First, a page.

Town gathers to mark Reconciliation Week
Towns and cities across Australia recently united to embrace the nation’s shared history and Broome was no exception.
National Reconciliation Week was celebrated between May 27 and June 3 to encourage a better understanding of indigenous culture, history and stories.
The week of events and activities in the Kimberley town was headlined by the Shire of Broome and Yawuru’s Reconciliation Festival on June 1, driven by the theme of “a community celebrating together is a community growing together”.
The town’s best musical acts took to the stage for the family event, including Stephen Pigram, John Bennett, Yatangal, Mervyn Mul and StiX and TriX.
There were also performances by Studio 34, St Mary’s College and the Wasamba Carnival Drummers, as well as art displays, food vans, pop-up shops and a pageant featuring last year’s Kimberley Girl entrants.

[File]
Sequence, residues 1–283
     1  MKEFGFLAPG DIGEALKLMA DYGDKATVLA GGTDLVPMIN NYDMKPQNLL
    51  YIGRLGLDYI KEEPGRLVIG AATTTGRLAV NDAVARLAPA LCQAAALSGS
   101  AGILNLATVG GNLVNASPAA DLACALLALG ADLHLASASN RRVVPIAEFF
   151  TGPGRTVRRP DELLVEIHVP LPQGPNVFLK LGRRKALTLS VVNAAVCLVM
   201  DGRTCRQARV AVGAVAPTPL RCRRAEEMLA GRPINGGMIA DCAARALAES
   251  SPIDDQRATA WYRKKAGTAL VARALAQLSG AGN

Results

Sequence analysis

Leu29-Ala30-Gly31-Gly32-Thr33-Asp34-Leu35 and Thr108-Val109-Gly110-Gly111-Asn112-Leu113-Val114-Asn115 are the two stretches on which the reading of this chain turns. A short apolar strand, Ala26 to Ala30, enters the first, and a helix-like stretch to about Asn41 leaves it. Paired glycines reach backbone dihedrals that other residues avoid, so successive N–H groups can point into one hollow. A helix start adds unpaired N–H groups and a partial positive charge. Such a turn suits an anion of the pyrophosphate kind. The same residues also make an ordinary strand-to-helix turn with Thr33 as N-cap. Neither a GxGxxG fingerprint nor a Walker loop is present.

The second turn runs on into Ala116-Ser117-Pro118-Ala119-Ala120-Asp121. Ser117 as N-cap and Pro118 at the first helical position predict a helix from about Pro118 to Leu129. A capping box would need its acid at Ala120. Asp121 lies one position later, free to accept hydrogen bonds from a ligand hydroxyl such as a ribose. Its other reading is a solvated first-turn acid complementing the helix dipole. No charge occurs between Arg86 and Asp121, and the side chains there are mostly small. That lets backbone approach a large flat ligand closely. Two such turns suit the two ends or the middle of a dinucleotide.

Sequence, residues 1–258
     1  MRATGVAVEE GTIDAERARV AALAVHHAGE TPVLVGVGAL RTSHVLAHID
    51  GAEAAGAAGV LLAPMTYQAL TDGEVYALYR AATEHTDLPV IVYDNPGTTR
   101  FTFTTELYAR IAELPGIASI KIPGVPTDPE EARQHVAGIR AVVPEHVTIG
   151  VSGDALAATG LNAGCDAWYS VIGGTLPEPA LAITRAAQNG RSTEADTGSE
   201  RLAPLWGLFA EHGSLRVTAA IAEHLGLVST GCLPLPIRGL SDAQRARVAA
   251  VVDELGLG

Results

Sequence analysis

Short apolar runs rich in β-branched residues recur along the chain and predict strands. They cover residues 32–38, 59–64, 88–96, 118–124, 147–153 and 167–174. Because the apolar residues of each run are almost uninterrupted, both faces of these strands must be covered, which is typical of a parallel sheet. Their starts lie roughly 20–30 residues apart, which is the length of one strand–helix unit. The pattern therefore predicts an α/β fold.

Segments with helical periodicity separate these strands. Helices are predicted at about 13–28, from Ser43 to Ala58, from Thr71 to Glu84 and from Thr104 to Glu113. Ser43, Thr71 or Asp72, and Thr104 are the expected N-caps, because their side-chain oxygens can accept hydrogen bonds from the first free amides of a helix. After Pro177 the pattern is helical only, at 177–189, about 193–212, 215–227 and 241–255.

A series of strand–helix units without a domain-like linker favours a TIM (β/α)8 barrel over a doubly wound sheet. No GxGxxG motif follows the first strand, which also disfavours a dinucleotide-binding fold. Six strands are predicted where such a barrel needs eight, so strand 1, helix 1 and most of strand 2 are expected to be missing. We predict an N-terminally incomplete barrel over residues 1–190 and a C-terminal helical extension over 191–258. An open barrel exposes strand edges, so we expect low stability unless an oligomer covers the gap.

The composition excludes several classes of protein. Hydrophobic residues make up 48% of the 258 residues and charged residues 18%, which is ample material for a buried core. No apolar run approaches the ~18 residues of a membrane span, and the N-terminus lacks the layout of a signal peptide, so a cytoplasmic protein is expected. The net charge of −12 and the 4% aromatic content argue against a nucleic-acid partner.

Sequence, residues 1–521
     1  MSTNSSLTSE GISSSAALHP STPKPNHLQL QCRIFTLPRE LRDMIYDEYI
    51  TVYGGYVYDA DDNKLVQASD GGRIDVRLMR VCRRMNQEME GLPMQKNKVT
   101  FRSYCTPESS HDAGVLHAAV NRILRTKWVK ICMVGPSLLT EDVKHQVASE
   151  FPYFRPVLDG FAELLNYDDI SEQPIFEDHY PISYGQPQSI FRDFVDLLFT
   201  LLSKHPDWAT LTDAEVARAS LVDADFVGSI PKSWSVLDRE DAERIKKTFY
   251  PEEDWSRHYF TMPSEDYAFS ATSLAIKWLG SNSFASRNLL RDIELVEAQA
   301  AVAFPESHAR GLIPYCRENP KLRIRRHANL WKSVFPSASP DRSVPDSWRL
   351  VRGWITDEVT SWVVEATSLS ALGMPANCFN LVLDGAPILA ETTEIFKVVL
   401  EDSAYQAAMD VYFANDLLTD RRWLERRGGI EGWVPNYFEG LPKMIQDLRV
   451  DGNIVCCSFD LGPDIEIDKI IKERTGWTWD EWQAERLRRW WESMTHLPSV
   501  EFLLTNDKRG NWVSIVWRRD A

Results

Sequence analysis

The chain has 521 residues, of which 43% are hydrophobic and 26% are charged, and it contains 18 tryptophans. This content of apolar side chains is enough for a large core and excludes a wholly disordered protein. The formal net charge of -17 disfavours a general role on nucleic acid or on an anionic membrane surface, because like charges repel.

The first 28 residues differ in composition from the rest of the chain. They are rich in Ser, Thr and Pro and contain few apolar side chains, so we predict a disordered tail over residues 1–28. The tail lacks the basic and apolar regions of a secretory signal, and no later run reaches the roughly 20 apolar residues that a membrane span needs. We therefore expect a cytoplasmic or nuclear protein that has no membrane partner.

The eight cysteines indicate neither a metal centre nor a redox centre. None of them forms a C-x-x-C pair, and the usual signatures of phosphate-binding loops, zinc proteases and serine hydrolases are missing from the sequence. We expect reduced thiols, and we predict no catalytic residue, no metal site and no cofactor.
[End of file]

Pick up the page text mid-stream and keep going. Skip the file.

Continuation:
Anti-smoking, alcohol prevention and other health and wellbeing exhibits were also scattered around the oval.
Reconciliation Week came just one day after National Sorry Day on May 26, which aimed to raise awareness of the impact of the Stolen Generation on indigenous families and communities. More than 80 people gathered at the Kimberley Stolen Generation office to commemorate the date with music, cake and reflection.
KSG Aboriginal Corporation chairman Mark Bin Bakar said it was a fantastic opportunity for everyone to come together.
“Our event in Broome is always supported by members of the Kimberley community, service providers and individuals,” he said.
St Mary’s College secondary students held a ceremony to honour the day, while primary students spelled the word “sorry” on the lawn with purple flowers.
The college said it was committed to being “a model of reconciliation”.
John Ross, Daisy Howard, Olive Dann and John Cooper mark the day.
The “Sorry" statement on the lawn.
An anti-smoking exhibit.